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Russia: Gazprom Looks To A LNG Future

By 2010, LNG could account for one-third of gas trade (AFP) July 16, 2007 (RFE/RL) -- Russia is positioning itself to become a major player in the liquefied natural gas (LNG) business.

As the oil and gas markets become tighter in the future, the Kremlin is banking on the possibility that LNG could be both a lucrative business and a useful tool in political leverage.

According to an April report by PricewaterhouseCoopers, LNG will account for one-third of all gas trade in 2010 and 62 percent by 2020.

Sales for LNG infrastructure items such as regasification terminals and seaborne carriers are booming as the uncertainty surrounding the world's oil industry continues to spread and crude prices edge upwards towards $80 a barrel.

A Russian LNG carrier fleet is slowly being assembled by the Sovcomflot shipping company, whose CEO is Igor Shuvalov, one of Russian President Vladimir Putin's closest advisers. Presently the company, in partnership with Japan's NYK Line, has four LNG carriers on order, two with South Korea's Daewoo group and two with Japan's Mitsubishi. In January 2007, Sovcomflot took delivery of two LNG carriers built by South Korea's Hyundai.

A total of five LNG carriers are slated to handle LNG deliveries from the Sakhalin-2 oil and gas project in the Russian Far East. This is a relatively small number, considering that 45 vessels are currently under construction in various countries to carry LNG from Qatar to the United States.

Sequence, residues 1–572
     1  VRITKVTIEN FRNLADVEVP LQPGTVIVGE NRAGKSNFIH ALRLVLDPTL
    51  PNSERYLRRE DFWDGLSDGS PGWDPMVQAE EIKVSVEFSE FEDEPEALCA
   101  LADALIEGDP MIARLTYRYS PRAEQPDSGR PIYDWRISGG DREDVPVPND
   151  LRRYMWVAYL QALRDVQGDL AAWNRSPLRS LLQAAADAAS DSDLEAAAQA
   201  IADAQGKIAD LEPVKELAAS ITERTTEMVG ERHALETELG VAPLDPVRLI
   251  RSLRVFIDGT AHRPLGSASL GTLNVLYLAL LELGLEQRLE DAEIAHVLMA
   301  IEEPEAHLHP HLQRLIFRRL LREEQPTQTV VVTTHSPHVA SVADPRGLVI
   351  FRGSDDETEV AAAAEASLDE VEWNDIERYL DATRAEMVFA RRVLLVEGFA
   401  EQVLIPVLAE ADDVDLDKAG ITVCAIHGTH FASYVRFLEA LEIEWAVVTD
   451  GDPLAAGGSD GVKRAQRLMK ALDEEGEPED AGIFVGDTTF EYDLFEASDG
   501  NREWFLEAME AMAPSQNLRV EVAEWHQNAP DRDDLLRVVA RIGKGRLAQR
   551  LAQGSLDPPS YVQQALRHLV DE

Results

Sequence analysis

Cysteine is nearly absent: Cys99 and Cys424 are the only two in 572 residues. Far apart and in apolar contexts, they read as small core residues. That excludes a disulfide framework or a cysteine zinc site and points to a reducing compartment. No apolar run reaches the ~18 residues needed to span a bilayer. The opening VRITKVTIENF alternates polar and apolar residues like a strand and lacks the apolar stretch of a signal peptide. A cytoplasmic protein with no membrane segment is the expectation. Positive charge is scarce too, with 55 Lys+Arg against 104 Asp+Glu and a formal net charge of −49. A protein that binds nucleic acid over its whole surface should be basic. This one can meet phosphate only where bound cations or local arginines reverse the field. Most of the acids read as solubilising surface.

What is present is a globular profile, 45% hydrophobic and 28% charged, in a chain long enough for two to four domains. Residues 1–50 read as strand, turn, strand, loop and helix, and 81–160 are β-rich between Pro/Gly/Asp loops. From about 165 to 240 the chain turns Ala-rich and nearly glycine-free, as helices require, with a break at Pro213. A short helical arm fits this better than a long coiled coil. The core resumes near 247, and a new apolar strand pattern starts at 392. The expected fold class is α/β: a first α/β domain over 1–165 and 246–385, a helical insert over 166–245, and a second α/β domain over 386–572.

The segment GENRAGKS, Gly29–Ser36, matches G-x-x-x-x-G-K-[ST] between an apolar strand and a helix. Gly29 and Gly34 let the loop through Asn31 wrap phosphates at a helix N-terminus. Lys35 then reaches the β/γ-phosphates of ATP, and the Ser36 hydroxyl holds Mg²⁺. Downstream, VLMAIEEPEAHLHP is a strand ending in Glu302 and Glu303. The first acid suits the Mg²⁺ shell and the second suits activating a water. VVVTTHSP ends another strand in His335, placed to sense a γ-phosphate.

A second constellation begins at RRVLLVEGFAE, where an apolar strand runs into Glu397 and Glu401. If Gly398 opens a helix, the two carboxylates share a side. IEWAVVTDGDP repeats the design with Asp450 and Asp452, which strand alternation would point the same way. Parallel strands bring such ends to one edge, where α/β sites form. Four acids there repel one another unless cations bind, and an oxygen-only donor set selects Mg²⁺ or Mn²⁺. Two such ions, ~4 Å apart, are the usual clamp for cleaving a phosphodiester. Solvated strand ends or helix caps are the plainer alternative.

A recent report from the international energy watchdog, the International Energy Agency, predicted that "oil looks extremely tight in five years time" and there are "prospects of even tighter natural gas markets at the turn of the decade."

No Pipelines Required

LNG, unlike vaporous natural gas, is not reliant on pipelines to reach consumers. Like oil, it can be carried by ships in its liquid state to any corner of the globe where facilities exist to unload it, store it, and restore it to its previous gaseous state.

In the past, Russia has been accused of playing "energy politics" and using natural gas as a weapon in its dealings with its neighbors.

Specialists say Russia is lagging far behind other gas-producing countries when it comes to LNG production and shipping.

The Kremlin's LNG ambitions might also harbor political goals. By having the capability to ship large quantities of LNG to the United States, Canada, and Asian countries, Russia could enhance its leverage over these countries.

In 2006, Russia's state-controlled gas company Gazprom announced that it had ambitions to become a leading LNG supplier to the enormous U.S. market. Gazprom announced it was eager to claim more than 10 percent of this market by 2010 and then increase its share up to 20 percent. The company also signaled its interest in downstream assets, such as transport and regasification terminals, in the United States.

It's unclear, however, where Gazprom intends to send the LNG -- to the United States or elsewhere.

Shtokman Field

Gazprom is promoting the development of the giant Shtokman gas field (with reserves of 3.7 trillion cubic meters of gas) in the Barents Sea. Under an early plan, LNG from Shtokman was to be shipped to the United States, while gas from the field would go via the projected Nord Stream pipeline underneath the Baltic Sea to Germany. Foreign companies were asked to participate in a tender to build the project.